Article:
Let’s get into the book of Acts a little bit. The Book of Acts is really the continuing acts of Jesus by his spirit through the apostles and other early Christian leaders. So obviously, the very beginning of Acts 1, we see Jesus leaving, ascending to heaven, and giving his last words to his followers. And then the day of Pentecost, and then from that point forward, it was the Holy Spirit as the predominant part of the Trinity in the life of the early church. So Acts is a sequel, if you will, to the Gospel of Luke. If you know, Luke is the author of both of those. If you take a look at Luke 1 and Acts 1, you see just some personal statements in the opening few sentences there. And this was written to Luke’s friend, Theophilus. Not a whole lot is known about Theophilus other than the name seems to be a little more dignified and more formal. But we do know that Luke was definitely writing to Theophilus to pretty much give him a discipleship manual for a new believer, tell you everything you need to know about the life of Jesus and his actions and his words, his crucifixion, his resurrection, and then going to talk to you about the early church and how the Holy Spirit has worked through those believers. So it’s a great two-part series for any new Christian if they just want to get a handle on that time period.

So number one, Acts is a story, a narrative, if you will, of some major stories and characters in the 1st century church. It is a theological history. The gospels are a theological biography about the life of Jesus, of course, while Acts is a theological history of the early church. And then Acts 1:8 is a brief outline of the book. We’ll look at that here in a moment.

So, some themes from the book of Acts. First one, clearly, the Holy Spirit. The whole operation starts with the Holy Spirit of God. In Acts 1, Jesus promises the Spirit is going to be coming. And then Acts 2, the Spirit arrives on the day of Pentecost. And the rest of Acts is pretty much the work of the Spirit through the believers. And that image right there is Peter’s sermon on the day of Pentecost, which I thought was kind of a cool picture, so I thought I’d share that with you.

And then the second point, God’s sovereignty, definitely a clear theme in the book of Acts. The work that began with Jesus is now continued through the Spirit. God’s work is always for the sake of the gospel message, not always for the comfort and convenience of its messengers, which is why he has not promised us health, wealth, and prosperity, but he has promised us rewards and spiritual blessings if we are obedient, particularly to that call in Matthew 28 of going and making disciples. But the gospel message has got to be the focal point of each of our lives. No matter where you’re working, where you’re located in the world, it’s got to be something that we do naturally on a day to day basis.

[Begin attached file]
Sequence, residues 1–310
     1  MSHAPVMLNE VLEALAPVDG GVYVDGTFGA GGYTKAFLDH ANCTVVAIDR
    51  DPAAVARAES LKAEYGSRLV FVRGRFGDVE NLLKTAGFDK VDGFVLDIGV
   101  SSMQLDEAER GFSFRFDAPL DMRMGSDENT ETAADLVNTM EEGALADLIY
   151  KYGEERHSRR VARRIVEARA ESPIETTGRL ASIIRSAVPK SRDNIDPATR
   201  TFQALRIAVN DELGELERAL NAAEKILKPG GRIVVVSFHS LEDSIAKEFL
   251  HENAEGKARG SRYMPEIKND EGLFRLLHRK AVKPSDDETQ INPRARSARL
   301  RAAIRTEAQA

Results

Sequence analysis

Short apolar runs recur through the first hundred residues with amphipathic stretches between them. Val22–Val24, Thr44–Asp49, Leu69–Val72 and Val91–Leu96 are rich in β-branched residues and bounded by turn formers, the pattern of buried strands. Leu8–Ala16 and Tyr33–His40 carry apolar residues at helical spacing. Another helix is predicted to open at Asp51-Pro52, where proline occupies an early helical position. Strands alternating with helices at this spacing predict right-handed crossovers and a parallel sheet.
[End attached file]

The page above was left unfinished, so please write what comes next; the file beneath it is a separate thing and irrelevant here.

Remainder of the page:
A few other themes. So we have the church, brand new in the scene, at the day of Pentecost. The Spirit works primarily through the body of Christ to accomplish his will. We also see prayer is something that is… There’s a lot of stories of prayer in the book of Acts, from the time where they’re gathered on the day of Pentecost to when they’re praying and Peter gets free from prison in that supernatural way, all the way through some examples of Paul in his missionary journeys. And then suffering. And this is the difficult side of being a Christ follower, the cost of discipleship. And the early Christians were persecuted greatly for the sake of the advancement of the gospel. Wherever you are in the world, you owe the foundation of that to those early believers who sacrificed so much for that gospel to spread. And the first martyr there in Jerusalem was Stephen and there is the apostle Paul who, the execution committee, if you will, laid their robes at his feet. But this was clearly, as we know, transformative from Saul to Paul later as he became deeply committed to the gospel message.